Artificial Intelligence driven Marketing Communications
SEATTLE— Treehouse, a statewide nonprofit which gives youth in foster care a childhood and a future, is asking the legislature to invest in 20 additional caseworkers to help meet the caseload ratios agreed to under the Braam settlement agreement. High caseload sizes lead to poor case management, high staff and foster parent turnover, lower rates of family reunification and increased length of stay in foster care. As a result, Washington children spend more time in foster care than in 46 other states.
“The caseworker is the most critical investment the legislature can make in the success of families and children in the child welfare system,” said Dawn Rains, Treehouse Chief Policy and Strategy Officer. “Smaller caseload sizes will mean more stability for children and youth in foster care and a better opportunity for them to thrive as contributing members of our communities.”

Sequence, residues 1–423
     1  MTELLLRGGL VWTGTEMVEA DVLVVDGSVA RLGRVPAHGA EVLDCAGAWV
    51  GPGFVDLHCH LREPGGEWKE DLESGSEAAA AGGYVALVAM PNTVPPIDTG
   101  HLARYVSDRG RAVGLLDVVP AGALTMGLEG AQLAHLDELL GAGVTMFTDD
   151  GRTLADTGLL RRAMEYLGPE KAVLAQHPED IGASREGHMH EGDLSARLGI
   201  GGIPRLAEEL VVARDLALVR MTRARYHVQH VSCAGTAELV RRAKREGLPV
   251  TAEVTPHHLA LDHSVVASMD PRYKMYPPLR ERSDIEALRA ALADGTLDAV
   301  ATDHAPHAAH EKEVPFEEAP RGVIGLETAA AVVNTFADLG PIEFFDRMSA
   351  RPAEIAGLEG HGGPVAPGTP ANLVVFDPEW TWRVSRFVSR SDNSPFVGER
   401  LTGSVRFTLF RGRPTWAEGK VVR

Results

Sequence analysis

Forty-three percent of DCYF caseworkers have caseload sizes exceeding 20 youth or more, with some as high as 30. Best practice recommends no more than 15.
In addition, Treehouse is advocating to:
Be a voice for youth in foster care: Visit www.treehouseforkids.org/advocate.
Founded in 1988 by social workers, Treehouse is Washington’s leading nonprofit organization addressing the academic and other essential support needs of more than 8,000 youth in foster care. We’re committed to youth in care statewide achieving a degree or other career credential, living wage job and stable housing at the same rate as their peers. With fierce optimism, we fight the structural inequities that impact all of us. Learn more at www.treehouseforkids.org.